The independent news organization of Duke University

Letter from the editors

For many students, the all-nighter is a dreaded last resort—the path you take when all others have been taken from you, the only choice left when you face your personal failings in the miserable silence of Perkins after midnight. For some, maybe, there’s a hint of excitement to it. A little thrill that comes along with staying up past your bedtime, seeing the campus at its darkest and emptiest, watching Duke as it enters the witching hour.

But there are some students who are better acquainted with the all-nighter—not as a last resort, but as an art and a science, a begrudging piece of the routine. For better or for worse, we count ourselves among this set. A year at the helm of The Chronicle will do that to you, and after our semesters of late-night breaking news and 4 a.m. layout checks, the two of us know all too well what it’s like to watch the sun rise over a pile of uncompleted homework and empty coffee cups. And no matter how accustomed you are to the all-nighter, no matter how well-integrated it is into your routine, there’s a tinge of frustration that never goes away: the incessant thrum of why didn’t I do this sooner, why didn’t I plan ahead, why do I do this to myself. The fatigue grows familiar, but it never gets pleasant, and eventually you find yourself standing in front of your overused dorm room Keurig, brewing coffee with Red Bull instead of water, hoping that it’s effective and praying that it doesn’t kill you. (Obviously, we’ve never done that. Obviously.)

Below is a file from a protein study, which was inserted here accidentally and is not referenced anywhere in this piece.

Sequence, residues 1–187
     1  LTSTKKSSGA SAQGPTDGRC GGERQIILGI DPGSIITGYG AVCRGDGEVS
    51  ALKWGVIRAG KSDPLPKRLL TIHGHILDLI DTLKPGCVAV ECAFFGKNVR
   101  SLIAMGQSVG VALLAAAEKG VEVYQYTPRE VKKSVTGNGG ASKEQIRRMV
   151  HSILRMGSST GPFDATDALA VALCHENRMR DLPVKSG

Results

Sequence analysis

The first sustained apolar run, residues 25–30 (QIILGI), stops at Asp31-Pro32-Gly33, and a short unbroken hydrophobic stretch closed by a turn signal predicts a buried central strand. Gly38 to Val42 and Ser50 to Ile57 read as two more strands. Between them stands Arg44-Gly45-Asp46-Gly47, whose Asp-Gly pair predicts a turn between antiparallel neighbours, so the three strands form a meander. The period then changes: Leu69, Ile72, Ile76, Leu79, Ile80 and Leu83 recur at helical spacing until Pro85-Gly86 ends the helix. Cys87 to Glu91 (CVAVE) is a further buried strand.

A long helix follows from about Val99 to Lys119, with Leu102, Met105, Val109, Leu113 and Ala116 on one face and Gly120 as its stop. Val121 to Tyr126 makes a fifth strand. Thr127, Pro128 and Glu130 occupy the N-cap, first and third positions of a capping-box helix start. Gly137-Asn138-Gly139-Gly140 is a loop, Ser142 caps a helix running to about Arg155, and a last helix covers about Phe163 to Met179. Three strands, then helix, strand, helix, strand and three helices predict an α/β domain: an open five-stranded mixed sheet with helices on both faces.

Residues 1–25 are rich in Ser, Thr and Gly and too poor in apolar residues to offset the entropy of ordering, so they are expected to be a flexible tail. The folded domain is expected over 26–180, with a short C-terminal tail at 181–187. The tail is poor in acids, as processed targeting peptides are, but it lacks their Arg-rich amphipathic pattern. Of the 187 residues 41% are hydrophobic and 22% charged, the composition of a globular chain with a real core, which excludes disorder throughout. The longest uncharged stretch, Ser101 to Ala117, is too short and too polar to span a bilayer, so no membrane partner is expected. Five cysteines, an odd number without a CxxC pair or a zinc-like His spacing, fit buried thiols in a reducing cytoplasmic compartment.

Of course, there are a few perks to the practice. Even the cushiest Perkins spots (we're looking at you, Bostock bridge chairs) tend to clear out and open up around 2 a.m., and there’s never a line for tater tots at Pitchforks (sorry, we’ll never call it “Café Edens”). And no matter how overwhelmed and exhausted you are, seeing the sun rise over the Chapel is always beautiful.

The best part of it, though, is the weird unspoken camaraderie that develops. There’s a sort of kinship you feel when you encounter someone else trudging to the Link’s vending machines at 5 a.m. or pacing dorm hallways in order to stay awake. A mutual acknowledgement that it sucks, yes, but also that you’re all in it together. Maybe that’s messed up, but it’s also—a little bit—beautiful.

Get some sleep,

Emma + Nick

Comments